Executive directors of the International Monetary Fund (IMF) have praised Hungary for its continued strong economic performance but noted that the still high external and public debt levels call for rebalancing the policy mix and advancing structural reforms, in a statement issued on Friday.
The IMF encourages the authorities to pursue growth-friendly consolidation for faster deficit and debt reduction. Priority should be given to enhancing the quality of expenditure and composition of revenue while a gradual reduction in the elevated wage bill could be part of a comprehensive administrative reform to rationalize and better target subsidies. In its statement, the IMF welcomed an improvement in tax compliance and encouraged action to further improve revenue by reducing exemptions and the number of items subject to preferential VAT rates. The directors supported the current monetary policy stance, but highlighted the need to monitor inflationary pressures. With the economy and the banking sector improving and new lending resuming, the usual monetary policy transmission mechanisms are likely to be restored.
The IMF projects 2.9% GDP growth for this year and 3% growth for next year in Hungary. Private consumption could rise by 2% and 1.9%, respectively, and average inflation could be at 2.5% then 3.2%. The IMF’s projections are under the government’s forecasts for GDP growth of 4.1% in 2017 and 4.3% next year. In a statement, the economy ministry welcomed the IMF report and noted the IMF’s “appreciation of the Hungarian economy’s high performance now unbroken for several years” supported by a progrowth economic policy, efficient use of EU funds and a good external environment.
Meanwhile ratings agency Fitch affirmed Hungary’s sovereign rating at ‘BBB- ’, just over the investment grade threshold, in a scheduled review on Friday. The outlook for the rating is ‘stable’. “Hungary’s ‘BBB-’ ratings balance its high level of GDP per capita, strong governance indicators and European Union membership against a track record of unorthodox economic policy and high government and external debts,” Fitch said. However, it acknowledged that “a narrower government deficit and strong current account surpluses in recent years have allowed a decline in government and net external debt”.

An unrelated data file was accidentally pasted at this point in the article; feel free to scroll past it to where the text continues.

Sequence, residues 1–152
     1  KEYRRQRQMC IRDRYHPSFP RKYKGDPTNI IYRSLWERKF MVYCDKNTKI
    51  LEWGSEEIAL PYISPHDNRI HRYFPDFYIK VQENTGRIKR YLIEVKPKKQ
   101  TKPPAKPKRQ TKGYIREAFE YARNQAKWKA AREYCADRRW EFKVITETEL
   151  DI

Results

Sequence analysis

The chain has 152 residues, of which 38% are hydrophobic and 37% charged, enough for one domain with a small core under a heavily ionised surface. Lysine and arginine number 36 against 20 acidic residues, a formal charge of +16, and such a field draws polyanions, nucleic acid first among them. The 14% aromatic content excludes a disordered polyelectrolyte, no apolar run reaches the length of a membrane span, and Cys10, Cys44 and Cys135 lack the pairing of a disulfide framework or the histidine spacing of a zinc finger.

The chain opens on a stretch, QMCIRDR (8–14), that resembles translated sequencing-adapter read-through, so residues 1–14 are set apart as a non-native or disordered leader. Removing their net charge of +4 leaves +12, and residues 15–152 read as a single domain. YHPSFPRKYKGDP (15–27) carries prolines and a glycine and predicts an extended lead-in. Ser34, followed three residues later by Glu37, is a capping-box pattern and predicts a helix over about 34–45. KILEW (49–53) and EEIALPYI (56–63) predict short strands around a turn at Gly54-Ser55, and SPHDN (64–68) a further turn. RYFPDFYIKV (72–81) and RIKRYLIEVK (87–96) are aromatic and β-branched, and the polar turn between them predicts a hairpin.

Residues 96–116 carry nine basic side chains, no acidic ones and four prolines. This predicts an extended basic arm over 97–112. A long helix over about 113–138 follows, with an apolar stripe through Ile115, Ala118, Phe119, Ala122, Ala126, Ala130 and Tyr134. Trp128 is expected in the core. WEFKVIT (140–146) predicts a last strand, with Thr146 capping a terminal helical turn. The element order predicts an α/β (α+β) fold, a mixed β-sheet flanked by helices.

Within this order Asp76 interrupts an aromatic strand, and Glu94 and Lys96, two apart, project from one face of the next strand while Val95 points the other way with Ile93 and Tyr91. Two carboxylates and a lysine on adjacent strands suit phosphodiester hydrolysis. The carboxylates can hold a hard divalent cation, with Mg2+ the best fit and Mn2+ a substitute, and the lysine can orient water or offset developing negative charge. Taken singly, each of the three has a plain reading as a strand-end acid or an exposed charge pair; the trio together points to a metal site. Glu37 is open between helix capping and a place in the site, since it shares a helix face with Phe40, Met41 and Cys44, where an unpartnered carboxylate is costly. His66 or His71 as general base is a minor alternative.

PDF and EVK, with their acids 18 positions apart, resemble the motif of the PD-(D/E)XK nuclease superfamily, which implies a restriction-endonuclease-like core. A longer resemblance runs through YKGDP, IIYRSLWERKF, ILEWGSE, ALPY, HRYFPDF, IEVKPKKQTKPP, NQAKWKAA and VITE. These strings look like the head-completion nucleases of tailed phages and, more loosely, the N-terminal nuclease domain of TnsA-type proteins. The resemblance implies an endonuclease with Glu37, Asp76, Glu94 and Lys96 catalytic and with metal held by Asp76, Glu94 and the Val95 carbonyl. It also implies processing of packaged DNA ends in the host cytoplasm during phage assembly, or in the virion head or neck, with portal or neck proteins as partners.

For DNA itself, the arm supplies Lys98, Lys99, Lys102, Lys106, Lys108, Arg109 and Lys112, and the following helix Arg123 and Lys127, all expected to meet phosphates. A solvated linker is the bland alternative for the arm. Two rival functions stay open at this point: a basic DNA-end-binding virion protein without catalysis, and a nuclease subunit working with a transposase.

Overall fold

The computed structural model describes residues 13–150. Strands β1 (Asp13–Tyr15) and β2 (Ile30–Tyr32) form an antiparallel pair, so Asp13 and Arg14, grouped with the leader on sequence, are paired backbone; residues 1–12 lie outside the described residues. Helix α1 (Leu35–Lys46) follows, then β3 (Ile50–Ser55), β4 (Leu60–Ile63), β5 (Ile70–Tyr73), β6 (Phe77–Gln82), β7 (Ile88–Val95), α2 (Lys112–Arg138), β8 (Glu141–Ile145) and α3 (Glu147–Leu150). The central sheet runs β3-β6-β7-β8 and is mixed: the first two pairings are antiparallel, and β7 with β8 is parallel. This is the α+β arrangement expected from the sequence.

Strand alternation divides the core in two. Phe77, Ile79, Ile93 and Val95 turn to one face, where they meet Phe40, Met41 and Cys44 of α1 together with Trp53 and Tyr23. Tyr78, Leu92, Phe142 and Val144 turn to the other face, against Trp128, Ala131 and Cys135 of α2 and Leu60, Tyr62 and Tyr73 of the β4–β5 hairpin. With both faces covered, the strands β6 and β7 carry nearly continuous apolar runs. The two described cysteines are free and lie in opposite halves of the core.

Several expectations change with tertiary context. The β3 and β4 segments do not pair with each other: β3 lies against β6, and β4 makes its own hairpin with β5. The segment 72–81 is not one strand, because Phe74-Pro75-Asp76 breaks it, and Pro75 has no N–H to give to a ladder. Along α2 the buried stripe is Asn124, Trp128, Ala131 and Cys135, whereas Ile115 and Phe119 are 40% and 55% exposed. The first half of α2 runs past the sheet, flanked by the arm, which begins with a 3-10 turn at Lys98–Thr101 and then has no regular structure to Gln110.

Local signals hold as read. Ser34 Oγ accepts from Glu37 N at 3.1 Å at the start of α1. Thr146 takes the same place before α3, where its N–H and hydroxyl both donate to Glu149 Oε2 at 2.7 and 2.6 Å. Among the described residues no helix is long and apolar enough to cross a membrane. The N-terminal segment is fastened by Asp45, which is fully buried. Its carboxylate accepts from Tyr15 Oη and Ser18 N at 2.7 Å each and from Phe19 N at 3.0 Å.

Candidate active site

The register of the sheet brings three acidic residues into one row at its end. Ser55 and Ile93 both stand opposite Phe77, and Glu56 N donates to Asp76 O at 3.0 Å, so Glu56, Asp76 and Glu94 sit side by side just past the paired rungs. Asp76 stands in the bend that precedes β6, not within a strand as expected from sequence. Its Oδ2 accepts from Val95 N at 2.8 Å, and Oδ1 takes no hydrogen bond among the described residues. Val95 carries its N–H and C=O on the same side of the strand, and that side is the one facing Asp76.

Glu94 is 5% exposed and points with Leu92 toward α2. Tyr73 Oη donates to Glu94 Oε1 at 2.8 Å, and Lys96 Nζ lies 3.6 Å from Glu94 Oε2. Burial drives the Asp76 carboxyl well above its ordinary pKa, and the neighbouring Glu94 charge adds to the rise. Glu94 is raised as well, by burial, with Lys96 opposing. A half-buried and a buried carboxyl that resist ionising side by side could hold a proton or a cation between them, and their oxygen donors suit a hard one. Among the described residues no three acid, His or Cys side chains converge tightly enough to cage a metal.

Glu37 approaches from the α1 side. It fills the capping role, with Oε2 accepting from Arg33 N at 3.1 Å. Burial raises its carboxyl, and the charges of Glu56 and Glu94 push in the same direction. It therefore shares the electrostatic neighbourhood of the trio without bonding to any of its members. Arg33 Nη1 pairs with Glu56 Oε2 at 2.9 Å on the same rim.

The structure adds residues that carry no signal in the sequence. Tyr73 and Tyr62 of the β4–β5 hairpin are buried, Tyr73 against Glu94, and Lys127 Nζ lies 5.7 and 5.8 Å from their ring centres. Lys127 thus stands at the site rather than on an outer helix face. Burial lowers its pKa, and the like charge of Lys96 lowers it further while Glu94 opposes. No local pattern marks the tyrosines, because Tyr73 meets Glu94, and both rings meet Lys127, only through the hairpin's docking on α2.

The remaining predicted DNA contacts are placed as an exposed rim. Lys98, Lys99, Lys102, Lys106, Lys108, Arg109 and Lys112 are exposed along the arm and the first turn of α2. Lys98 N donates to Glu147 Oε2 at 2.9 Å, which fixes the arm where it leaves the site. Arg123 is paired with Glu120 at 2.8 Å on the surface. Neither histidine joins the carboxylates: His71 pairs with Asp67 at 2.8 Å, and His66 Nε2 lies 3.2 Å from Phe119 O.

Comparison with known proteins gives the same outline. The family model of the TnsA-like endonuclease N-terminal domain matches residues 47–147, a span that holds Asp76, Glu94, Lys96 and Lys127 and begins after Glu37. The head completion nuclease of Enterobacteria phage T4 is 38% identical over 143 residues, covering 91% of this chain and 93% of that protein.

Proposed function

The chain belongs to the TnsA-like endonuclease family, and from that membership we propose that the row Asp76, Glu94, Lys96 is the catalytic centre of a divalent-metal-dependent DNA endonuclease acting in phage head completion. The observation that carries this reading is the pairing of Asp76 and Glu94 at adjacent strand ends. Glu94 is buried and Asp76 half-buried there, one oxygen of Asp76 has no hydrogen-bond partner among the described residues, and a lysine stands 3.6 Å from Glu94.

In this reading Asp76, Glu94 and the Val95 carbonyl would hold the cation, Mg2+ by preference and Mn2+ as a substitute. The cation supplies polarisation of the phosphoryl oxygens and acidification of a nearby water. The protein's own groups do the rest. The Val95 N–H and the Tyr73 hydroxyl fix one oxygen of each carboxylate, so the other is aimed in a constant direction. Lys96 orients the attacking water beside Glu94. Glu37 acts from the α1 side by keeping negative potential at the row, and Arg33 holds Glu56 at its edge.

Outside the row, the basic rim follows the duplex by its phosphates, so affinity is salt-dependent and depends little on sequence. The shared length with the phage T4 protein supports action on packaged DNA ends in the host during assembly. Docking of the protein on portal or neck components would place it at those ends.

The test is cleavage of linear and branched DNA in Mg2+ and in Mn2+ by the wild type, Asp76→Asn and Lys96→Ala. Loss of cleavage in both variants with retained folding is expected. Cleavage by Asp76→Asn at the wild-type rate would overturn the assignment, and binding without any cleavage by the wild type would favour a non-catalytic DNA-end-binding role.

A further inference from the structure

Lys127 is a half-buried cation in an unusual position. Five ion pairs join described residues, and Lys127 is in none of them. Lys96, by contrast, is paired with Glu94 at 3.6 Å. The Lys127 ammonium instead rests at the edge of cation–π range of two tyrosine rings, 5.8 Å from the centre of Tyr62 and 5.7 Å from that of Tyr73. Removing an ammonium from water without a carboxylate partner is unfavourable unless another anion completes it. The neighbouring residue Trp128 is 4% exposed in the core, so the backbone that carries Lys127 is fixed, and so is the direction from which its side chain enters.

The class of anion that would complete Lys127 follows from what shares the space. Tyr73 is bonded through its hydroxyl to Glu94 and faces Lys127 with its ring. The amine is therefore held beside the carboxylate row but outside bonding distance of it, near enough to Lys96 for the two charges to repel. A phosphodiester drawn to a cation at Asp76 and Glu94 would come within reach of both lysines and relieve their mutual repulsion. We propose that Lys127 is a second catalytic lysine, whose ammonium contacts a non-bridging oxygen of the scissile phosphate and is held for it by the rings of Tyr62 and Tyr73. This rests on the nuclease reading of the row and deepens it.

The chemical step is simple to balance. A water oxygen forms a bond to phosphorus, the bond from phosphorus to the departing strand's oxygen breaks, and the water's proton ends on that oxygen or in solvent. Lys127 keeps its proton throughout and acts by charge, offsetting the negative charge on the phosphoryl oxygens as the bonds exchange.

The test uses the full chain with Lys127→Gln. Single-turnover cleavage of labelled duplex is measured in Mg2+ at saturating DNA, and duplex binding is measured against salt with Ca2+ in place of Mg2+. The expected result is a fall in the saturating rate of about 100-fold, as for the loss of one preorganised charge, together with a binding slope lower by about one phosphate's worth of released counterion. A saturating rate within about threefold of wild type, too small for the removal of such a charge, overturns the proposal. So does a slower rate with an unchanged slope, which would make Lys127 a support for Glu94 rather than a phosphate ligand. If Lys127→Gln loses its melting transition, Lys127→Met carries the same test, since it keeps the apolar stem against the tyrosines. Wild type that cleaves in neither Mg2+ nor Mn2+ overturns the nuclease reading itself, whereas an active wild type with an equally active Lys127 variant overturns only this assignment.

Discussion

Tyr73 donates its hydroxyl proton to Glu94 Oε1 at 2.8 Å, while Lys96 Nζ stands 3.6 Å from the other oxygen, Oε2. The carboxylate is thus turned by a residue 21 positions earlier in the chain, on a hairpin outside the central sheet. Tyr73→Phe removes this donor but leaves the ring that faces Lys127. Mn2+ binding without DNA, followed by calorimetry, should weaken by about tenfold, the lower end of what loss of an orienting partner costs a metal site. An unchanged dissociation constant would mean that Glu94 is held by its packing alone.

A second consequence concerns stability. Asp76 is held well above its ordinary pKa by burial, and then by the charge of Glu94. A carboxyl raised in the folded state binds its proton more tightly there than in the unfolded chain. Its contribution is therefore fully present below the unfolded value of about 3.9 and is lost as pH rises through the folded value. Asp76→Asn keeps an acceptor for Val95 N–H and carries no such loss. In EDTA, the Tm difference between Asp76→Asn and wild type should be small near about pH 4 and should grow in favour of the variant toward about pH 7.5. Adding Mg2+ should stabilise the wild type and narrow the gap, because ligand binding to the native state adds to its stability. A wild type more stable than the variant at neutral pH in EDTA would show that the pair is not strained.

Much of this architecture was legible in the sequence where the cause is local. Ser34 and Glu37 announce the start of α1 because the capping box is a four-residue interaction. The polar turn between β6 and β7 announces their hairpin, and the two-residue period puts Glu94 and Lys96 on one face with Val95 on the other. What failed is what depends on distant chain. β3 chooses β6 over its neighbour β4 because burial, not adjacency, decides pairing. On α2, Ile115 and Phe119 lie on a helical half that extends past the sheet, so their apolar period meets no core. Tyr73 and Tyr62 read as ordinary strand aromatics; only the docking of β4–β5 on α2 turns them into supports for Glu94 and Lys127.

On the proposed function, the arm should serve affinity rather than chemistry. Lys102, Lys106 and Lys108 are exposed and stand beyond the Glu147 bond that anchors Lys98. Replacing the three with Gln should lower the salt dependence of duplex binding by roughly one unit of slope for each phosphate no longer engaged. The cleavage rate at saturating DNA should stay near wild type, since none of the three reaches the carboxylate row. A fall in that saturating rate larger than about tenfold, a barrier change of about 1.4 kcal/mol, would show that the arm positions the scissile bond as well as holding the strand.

Reacting to the review, the economy ministry said all of the big three credit ratings agencies recommend Hungary to investors, which it said demonstrated that the economy was continually strengthening. The ministry said in a statement that Fitch, too, projects accelerating economic growth and expansion supported by increased consumption thanks to the continued decrease in unemployment and higher wages. The ratings agency has acknowledged that economic growth does not involve higher indebtedness for Hungary, the ministry added. Assessments by markets generally precede credit ratings agencies’ decisions. Since the markets are currently more positive about Hungary’s economy than the agencies, it is likely that agency ratings will also further improve in the future, the ministry said.
via hungarymatters.hu and MTI